18 Climate Mitigation Research

Implemented by: Laura Vang Thesis superviser: Kjeld Rasmussen

Major findings: The carbon balance depends on where farmers plant Jatropha. If they clear forest to plant Jatropha it will take 1900 years to pay back the carbon debt. If they plant in fallow fields the carbon balance i good. The socio-economic surveyss found no gender bias in Jatropha cultivation and no technical obstacles to expansion. 


When the Jatropha project was designed there was little knowledge about the energy- and carbon balance of Jatropha but it was generally assumed to be very positive and did therefore not received much consideration.

However, after the Jatropha project had started a number of scientific studies indicated that the energy- and carbon-balance of biofuels may not be as positive as it had assumed. In particular the study by Searchinger in 2008:

Because the project is located in a forested area and the Jatropha is introduced in a slash-and-burn agricultural system it was difficult to know the implications for the energy- and carbon-balance. Does Jatropha lead to increased slashing of forest, or does it increase the productivity of fallow land? If the balances are negative it is has implications for the sustainability and viability of the development model the project is testing.

The study found no cultural or technical obstacles to expansion of Jatropha production. Currently Jatropha appears attractive relative to other crops and the study therefore predict that Jatropha cultivation will expand. Due to the small size of the cultivated area in the project area expansion of Jatropha does not necessitate a reduction of the area for food production.

The environmental analysis is limited to the CO2 budget. Landuse changes, implact on bio-diversity etc. is omitted from the analysis. The focus is selected because a major argument for bio-fuels is that they reduce CO2 emission.

The socio-economic analysis is focused on the local level where socio-economic sustainability is of major importance. Impact at smaller scales, e.g. regional and international scale is not included in the analysis. Also ethical aspects are not part of this thesis.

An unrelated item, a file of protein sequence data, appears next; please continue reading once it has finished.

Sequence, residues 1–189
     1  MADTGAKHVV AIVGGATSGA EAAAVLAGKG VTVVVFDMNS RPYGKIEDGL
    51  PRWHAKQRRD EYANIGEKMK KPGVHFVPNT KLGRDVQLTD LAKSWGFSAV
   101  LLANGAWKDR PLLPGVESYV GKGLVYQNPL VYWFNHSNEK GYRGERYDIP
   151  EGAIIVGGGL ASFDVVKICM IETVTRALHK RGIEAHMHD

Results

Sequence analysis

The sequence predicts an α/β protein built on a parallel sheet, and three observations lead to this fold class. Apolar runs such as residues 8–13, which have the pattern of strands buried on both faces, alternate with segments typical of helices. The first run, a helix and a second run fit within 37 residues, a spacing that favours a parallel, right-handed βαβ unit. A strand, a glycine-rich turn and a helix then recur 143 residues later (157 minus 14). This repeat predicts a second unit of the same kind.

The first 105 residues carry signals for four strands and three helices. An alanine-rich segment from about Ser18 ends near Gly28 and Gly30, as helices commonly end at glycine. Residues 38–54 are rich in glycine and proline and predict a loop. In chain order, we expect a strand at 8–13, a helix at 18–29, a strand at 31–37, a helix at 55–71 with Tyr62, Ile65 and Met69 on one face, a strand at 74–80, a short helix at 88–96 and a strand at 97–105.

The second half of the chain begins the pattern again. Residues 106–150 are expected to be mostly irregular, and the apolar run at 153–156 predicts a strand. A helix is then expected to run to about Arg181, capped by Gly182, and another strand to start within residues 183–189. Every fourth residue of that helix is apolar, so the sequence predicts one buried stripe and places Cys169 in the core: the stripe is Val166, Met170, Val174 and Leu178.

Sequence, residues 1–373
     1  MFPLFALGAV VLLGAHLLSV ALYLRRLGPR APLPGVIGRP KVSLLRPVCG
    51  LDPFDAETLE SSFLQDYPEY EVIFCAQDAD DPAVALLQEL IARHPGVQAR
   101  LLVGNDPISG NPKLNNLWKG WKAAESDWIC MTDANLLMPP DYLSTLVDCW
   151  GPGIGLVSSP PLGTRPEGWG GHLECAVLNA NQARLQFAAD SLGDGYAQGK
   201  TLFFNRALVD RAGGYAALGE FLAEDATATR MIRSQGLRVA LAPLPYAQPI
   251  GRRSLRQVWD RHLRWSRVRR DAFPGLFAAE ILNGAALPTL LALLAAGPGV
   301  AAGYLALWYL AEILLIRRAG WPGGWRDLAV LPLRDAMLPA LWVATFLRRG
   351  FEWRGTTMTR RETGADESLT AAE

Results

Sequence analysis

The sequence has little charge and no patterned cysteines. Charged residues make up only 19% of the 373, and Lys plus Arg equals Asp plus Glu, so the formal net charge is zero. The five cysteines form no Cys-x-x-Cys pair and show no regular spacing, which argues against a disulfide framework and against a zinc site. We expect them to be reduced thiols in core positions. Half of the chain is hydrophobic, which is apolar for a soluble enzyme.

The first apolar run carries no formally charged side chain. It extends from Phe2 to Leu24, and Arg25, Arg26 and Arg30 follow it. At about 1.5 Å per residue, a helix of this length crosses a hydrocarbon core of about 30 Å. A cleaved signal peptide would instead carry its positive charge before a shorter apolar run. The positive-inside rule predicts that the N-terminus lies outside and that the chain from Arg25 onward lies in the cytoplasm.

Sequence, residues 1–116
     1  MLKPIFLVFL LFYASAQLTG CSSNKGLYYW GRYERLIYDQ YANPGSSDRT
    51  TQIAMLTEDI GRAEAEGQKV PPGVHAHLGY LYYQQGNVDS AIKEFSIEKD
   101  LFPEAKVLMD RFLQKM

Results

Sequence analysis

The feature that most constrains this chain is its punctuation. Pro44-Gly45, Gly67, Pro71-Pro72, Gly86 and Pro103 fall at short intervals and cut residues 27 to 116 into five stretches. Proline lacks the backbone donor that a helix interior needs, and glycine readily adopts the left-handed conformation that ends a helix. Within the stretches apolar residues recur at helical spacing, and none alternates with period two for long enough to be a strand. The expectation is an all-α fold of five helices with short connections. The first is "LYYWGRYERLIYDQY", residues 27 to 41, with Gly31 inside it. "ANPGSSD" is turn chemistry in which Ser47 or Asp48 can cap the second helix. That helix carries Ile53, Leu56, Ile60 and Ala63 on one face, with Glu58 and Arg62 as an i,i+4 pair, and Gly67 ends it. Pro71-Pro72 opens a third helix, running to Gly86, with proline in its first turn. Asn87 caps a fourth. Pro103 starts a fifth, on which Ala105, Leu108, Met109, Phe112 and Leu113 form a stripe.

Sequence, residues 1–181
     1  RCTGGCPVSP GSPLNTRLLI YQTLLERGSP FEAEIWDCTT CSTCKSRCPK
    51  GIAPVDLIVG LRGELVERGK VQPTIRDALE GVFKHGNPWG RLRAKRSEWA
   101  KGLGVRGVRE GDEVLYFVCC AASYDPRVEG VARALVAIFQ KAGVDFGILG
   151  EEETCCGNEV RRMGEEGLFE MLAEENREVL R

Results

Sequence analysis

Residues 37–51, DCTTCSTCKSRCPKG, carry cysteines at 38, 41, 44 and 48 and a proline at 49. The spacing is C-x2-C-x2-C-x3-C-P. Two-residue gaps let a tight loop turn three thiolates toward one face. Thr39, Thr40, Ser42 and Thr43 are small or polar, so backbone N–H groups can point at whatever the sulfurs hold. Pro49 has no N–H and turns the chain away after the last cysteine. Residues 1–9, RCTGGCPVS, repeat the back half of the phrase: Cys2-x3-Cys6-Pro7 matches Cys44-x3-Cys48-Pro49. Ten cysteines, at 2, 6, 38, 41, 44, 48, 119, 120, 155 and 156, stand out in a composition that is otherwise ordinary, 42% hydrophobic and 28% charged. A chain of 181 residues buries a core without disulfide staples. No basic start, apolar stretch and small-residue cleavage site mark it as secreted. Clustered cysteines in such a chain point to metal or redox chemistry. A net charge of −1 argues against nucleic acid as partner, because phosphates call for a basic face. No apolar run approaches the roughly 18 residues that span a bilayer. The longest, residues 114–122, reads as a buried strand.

The analysis of the carbon balance showed that converting forest to Jatropha result in a carbon debt about 30 times larger than convertion from maize to Jatropha. In the first case Jatropha needs to be cultivated for 1900 years to pay back the carbon debt.

The survey found that most farmers prefer to clear forest for Jatropha cultivation instead of using fallow areas because the expected yield is higher on virgin forest soils.


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Thesis cover: Laura Vang (2000): Climate Mitigation Research. [Danish]  3433k v. 5 9 Nov 2010, 08:04 Banana hill Consultants
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Thesis: Laura Vang (2000): Climate Mitigation Research. [Danish]  6840k v. 5 9 Nov 2010, 08:03 Banana hill Consultants
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Magazine article: Laura Vang on Jatropha in Mozambique  295k v. 5 9 Nov 2010, 08:05 Banana hill Consultants
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1. Timothy Searchinger et al. (2008-02-29). "Use of U.S. Croplands for Biofuels Increases Greenhouse Gases Through Emissions from Land-Use Change". Science 319 (5867): 1238–1240. doi:10.1126/science.1151861. PMID 18258860. Originally published online in Science Express on 7 February 2008.  9 Nov 2010, 08:21 Banana hill Consultants
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